The truth is, there are pros and cons to drinking coffee when you're sick. In some ways, it can hinder your body's ability to bounce back. But coffee also has some properties that can get you up and running, so there are a few different factors to weigh when you're debating whether you should pass on your favorite AM habit.
To settle the caffeine-or-cough syrup dilemma for good, I consulted Nashville-based dietitian Jenny Beth Kroplin, RD, LDN, CLC. Trust me when I say you'll want to keep her thoughts in mind next time you feel the sniffles coming on.
The case for skipping coffee during an illness
Let's start with the bad news. Unfortunately, caffeine can be dehydrating—and, as you've probably heard, the golden rule of getting over a bug is hydrate, hydrate, hydrate. "While you're sick, it's very important to stay on top of hydration to help the body thin mucus [and] replace fluids lost," explains Kroplin.
Plus, a caffeine hit can interrupt your sleep, which also makes it a risky beverage choice when you're sick. You probably know that getting enough rest is major for overall health, but it's especially crucial when you're not feeling well—research shows that your immune system is at its best when you're getting enough zzz's, and coffee can potentially mess with your shut-eye.
...And an argument for caffeinating as usual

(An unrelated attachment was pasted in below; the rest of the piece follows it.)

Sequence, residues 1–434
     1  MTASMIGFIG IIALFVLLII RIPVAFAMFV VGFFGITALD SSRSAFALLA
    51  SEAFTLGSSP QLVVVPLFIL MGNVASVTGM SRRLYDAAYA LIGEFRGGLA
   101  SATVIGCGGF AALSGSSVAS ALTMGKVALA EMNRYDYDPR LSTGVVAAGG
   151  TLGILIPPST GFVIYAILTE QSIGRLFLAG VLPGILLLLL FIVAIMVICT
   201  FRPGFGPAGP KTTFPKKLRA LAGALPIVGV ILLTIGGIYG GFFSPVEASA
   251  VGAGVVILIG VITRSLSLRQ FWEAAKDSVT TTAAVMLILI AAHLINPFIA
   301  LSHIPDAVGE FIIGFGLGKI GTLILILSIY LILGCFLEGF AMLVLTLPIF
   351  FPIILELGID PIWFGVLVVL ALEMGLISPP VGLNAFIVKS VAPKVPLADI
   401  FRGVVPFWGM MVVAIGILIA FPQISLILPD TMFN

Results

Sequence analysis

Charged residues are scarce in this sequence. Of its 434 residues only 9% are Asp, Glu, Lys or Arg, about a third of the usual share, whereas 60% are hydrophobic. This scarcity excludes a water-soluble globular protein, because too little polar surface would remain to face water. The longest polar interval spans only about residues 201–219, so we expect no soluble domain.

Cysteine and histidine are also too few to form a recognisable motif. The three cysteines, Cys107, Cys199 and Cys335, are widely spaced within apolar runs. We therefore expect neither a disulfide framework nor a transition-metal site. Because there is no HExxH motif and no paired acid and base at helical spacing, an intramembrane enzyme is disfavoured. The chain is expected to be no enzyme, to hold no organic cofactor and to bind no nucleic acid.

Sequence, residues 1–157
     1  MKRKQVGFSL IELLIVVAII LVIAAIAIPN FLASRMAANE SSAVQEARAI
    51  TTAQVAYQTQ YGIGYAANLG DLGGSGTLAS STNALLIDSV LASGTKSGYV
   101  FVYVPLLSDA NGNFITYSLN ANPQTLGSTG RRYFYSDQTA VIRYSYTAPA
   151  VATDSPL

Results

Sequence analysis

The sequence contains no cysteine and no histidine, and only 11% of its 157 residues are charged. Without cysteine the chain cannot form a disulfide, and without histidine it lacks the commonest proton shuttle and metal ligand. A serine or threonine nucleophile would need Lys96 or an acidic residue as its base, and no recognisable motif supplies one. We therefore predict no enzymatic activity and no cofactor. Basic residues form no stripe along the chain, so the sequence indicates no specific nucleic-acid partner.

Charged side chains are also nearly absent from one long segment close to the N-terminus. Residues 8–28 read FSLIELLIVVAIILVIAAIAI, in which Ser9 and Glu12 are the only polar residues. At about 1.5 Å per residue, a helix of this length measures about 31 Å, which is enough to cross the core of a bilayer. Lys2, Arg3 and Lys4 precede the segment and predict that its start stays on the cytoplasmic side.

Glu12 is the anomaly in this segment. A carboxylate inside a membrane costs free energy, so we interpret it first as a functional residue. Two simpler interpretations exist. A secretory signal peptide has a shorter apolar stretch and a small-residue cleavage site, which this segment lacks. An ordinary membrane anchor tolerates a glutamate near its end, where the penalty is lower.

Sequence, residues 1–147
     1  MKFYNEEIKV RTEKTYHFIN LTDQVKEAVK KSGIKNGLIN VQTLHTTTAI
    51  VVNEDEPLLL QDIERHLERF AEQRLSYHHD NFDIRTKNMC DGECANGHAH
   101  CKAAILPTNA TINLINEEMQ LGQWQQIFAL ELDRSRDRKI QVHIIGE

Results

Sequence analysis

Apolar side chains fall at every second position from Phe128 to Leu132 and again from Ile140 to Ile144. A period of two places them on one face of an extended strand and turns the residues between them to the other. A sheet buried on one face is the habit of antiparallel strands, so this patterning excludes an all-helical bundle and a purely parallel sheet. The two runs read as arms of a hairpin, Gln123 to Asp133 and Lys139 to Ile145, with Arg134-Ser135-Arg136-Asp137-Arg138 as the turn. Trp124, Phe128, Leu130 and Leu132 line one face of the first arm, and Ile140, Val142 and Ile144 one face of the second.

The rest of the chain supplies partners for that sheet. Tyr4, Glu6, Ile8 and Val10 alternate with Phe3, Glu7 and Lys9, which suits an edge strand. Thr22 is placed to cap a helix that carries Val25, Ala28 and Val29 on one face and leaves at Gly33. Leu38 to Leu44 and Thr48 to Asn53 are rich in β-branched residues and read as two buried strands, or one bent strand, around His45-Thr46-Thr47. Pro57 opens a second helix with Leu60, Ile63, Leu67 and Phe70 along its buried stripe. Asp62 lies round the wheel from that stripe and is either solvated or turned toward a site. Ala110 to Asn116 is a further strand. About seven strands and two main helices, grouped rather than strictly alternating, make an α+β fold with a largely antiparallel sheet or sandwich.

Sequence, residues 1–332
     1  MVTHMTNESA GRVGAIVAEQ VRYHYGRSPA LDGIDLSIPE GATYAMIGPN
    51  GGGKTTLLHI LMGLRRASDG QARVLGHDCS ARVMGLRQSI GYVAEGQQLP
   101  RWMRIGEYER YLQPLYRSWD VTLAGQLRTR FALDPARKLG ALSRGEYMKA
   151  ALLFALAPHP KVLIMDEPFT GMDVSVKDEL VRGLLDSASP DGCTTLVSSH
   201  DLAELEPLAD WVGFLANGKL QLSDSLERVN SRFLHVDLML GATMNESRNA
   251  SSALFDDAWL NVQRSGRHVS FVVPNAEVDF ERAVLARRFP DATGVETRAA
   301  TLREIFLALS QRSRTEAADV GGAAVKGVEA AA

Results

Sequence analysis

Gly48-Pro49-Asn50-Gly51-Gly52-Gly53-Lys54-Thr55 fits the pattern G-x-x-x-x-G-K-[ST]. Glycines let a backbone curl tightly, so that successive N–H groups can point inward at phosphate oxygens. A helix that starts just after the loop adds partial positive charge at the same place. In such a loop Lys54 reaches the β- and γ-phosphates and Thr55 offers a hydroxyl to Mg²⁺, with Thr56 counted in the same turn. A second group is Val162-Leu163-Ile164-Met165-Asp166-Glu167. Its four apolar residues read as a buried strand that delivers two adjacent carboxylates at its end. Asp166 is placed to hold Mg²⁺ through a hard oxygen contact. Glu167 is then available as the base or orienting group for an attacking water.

But it's not all buzzkill (literally). Coffee actually has some merits when it comes to feeling better. "Coffee is a rich source of disease-fighting polyphenolic antioxidants," says Kroplin."Research suggests the antioxidant activity from coffee, specifically from ferulic and caffeic acids, has anti-inflammatory, antibacterial, and antiviral effects," she says. "This can all be helpful to the body in healing from an illness."
Plus, the polyphenols in coffee may be helpful in reducing inflammation. "When we can reduce inflammation in the body, [this] can help set the stage for healing and wellness," says Kroplin.
But the most obvious benefit of coffee when you're sick is—you guessed it—an energy boost. One study found that coffee helped reduce the general "malaise" associated with colds. 46 people with colds were given either caffeinated coffee, decaffeinated coffee, or fruit juice. The study participants who had caffeinated coffee reported increased alertness and performance that was the same as a group of non-sick subjects. (The sick participants who had decaf coffee also saw improvement). "The caffeine from coffee can actually help offset that sluggish feeling and boost your mood," says Kroplin. And that's especially beneficial if you just can't take a sick day from work.
Bottom line? If you're a regular coffee drinker, there's no need to skip your usual java—and deal with all the additional symptoms that would bring—just because you're sick. "If a warm, comforting cup of joe sounds good, have one," says Kroplin.
She does recommend sticking to less than two cups per day, and if you're really concerned, try switching to half-caf or decaf. To avoid disrupting your sleep, try not to have it late in the afternoon, and make sure you're hydrating throughout the day with other drinks, too—Kroplin recommends jumpstarting your morning with a big glass of water pre-coffee, and you can also sip on herbal teas or broth.
"In moderation, coupled with other hydrating beverages like water, coffee stands to actually help the body heal both physically and emotionally," says Kroplin. Because sometimes, a hot cup of comfort is just what the doctor ordered.
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